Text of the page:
When J Dilla died in 2006, he left thousands of hours of unreleased music. Most of it remained unfinished, never to leave his vault. But now his music in the hands of his estate, which includes his mom and his manager.
One of Dilla’s earliest albums Rough Draft came to symbolize the way he produced music – live. His voice crackles on the album: “sounds like it’s straight from the motherfuckin’ cassette.”
But does his improvisational approach justify the release of his unpublished work?
“In this drawer we found a few pages, at this desk we found a few pages — scattered all over the house,” Cooley says. “Some overlap between things. Things are named strangely. It was a lot of detective work to figure out, okay, which version is the ultimate version that was supposed to end up on The Diary.”
Dilla recorded “The Sickness” in 2001. Nas rapped over the song this year before it got a posthumous release.
No one – not even Madlib – knows what edits Dilla would’ve made to the track. Would Dilla have added a snare or a horn somewhere? Would even want Nas to rap over it?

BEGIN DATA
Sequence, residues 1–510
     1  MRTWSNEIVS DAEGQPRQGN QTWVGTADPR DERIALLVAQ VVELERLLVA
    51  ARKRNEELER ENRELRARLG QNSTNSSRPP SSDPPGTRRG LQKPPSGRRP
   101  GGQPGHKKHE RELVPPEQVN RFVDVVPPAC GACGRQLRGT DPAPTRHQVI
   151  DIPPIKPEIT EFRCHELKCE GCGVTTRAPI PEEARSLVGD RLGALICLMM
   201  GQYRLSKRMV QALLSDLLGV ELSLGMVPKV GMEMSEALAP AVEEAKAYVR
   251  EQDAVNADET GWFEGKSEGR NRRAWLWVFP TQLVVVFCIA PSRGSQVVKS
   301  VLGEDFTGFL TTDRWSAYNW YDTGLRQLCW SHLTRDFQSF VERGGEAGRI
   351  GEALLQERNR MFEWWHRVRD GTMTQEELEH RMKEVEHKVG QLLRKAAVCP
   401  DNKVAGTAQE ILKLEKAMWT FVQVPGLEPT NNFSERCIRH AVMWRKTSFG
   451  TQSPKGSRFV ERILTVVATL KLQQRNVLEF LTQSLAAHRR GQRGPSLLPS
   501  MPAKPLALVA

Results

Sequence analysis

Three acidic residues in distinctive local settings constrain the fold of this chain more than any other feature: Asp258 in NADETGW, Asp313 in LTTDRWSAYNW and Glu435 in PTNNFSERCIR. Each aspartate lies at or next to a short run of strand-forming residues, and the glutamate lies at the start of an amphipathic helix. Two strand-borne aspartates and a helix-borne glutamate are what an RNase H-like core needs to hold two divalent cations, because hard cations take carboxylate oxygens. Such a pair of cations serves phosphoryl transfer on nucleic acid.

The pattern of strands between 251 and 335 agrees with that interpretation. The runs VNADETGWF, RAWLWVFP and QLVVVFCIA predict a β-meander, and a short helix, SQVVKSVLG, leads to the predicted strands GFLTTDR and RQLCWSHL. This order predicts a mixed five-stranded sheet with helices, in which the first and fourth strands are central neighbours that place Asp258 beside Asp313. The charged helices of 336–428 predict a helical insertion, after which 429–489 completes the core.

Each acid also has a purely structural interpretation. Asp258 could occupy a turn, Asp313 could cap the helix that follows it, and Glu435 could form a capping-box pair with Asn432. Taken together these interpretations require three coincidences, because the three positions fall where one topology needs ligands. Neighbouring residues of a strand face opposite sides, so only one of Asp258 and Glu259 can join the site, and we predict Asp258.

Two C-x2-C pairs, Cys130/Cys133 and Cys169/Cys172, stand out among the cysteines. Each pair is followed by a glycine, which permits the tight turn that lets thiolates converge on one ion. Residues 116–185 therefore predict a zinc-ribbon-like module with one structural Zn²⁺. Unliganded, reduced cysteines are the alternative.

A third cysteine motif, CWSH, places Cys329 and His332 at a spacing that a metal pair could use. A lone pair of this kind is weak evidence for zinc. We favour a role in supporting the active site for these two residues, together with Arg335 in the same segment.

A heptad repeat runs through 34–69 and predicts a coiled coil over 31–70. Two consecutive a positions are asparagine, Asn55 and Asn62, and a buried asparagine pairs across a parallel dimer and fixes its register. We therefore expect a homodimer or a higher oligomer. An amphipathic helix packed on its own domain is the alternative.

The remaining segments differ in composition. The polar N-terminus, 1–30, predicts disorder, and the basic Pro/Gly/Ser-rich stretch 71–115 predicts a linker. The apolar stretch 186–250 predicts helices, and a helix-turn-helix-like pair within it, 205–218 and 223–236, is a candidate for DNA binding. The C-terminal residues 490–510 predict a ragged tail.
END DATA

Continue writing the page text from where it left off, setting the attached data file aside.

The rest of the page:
Piecing together and repackaging an artist’s work after they die is a sensitive issue. Dilla’s mom claims to make decisions in the eyes of her son. But how can she and the rest of the members of the estate do anything without looking greedy? After Prince died, 15 of his albums appeared on streaming site Tidal.
On the flip side, opening up the vault is a treasure trove for fans. They don’t seem to care if the songs sound polished or not. Dilla fans go crazy for anything he touched, even if it’s a half-baked loop.
Most work is practice. It’s hard to say when we finish any project. As Dilla’s life demonstrates, our work evolves even after we die.
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